I promised I’d do dessert, and dessert I did do.
Grilled banana roti bread with sweetened condensed milk and cinnamon sugar
Like the roti madtarbak filled with Indian spiced beef, this sweeter version arrived with four squares of grilled roti. In place of the beef was soft banana, and instead of cucumber relish it was generously drizzled with sweetened condensed milk. It was also dusted with cinnamon sugar—just in case it wasn’t sweet enough. You know something is good when it has sold out in the past.
Palm sugar ice cream sundae with salted honeycomb and lime syrup
This dessert won gold in my books. It was bestowed upon me in a glass with giant crumbs of honeycomb scattered on top like a sugary, golden crown. The palm sugar ice cream was sweet with a hint of coconut. This dessert would have been too sugary if it hadn’t been for the saltiness of the honeycomb and the tangy lime syrup, which balanced the dessert superbly.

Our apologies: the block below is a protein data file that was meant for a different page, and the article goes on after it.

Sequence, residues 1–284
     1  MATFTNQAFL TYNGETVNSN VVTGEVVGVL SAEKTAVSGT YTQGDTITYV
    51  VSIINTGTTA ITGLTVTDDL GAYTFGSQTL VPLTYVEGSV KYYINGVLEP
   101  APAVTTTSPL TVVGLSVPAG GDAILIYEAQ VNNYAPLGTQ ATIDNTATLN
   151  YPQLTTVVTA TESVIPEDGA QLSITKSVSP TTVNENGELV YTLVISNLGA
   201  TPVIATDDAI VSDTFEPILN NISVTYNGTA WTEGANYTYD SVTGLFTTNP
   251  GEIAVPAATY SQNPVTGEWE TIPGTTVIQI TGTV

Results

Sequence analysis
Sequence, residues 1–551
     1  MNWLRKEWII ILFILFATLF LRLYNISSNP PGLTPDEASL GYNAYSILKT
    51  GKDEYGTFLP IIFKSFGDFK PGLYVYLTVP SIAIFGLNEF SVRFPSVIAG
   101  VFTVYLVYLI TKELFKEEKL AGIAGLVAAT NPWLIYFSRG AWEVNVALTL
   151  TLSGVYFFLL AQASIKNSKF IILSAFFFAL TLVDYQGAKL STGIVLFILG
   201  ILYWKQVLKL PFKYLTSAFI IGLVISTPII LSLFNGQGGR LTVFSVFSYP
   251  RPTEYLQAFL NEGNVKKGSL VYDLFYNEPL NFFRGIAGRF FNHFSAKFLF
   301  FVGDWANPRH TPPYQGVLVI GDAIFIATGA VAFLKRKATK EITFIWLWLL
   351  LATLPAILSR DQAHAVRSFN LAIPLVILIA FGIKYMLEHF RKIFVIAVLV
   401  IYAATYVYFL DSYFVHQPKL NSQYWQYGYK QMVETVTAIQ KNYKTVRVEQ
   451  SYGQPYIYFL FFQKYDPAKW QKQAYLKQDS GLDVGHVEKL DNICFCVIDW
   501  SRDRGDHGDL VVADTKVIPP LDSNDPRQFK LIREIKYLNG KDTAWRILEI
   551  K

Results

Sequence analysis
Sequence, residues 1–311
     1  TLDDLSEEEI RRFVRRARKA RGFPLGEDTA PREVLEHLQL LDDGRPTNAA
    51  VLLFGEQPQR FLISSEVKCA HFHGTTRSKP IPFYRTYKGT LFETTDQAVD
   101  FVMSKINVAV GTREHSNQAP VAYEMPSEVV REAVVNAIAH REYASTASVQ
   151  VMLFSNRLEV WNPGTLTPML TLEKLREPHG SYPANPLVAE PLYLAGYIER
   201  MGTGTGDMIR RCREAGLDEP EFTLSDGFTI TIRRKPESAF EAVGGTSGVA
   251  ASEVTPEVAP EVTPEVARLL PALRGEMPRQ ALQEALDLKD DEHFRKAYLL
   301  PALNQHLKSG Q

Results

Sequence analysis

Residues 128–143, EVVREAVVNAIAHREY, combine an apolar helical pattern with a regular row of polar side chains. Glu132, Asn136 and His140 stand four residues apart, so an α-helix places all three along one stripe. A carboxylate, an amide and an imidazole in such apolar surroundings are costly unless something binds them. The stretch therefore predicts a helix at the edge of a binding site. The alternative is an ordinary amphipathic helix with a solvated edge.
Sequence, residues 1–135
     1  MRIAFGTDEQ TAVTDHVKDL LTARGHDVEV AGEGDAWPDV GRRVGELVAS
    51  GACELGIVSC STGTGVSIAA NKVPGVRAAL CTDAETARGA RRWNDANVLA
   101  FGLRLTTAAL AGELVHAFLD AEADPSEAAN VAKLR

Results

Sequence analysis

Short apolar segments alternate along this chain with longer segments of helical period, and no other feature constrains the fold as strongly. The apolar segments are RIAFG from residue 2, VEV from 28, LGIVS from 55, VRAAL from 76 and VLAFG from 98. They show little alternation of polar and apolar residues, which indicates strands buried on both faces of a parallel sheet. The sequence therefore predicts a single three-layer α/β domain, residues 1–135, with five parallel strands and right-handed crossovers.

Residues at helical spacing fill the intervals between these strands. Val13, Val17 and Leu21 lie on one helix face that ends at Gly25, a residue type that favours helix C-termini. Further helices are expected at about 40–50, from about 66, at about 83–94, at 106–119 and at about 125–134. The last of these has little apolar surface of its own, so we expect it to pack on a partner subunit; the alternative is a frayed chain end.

Three colour pudding
This layered creation was the most impressive to look at. The ingredients were layered in an edible rainbow: sweet red beans, a condensed milk semifreddo and bright green slithers of tapioca infused with pandan (a fragrant, sweet, leafy plant). These were compressed under two spheres of coconut ice cream that only just fitted into the glass. To top off this magnificent dessert were blocks of semi-crushed ice in a thin caramel sauce. The mass of textures is quite extraordinary but to put it simply, if you don’t like the gooey ‘pearls’ at the bottom of the asian ‘Happy Cup’ drinks, stay away from this one… or invite me to finish it off.
My second Chin Chin visit was as delectable as my first and will be as tasty as my third. Next time, I’m keen to try the “Feed Me” option, where you are served up a selection of dishes for $66. From what I gather, you are given five dishes and one dessert. That equates to $11 a plate, pretty amazing value when you consider that menu prices range from $11-$33.
Chin Chin, I’ll line up for you any day.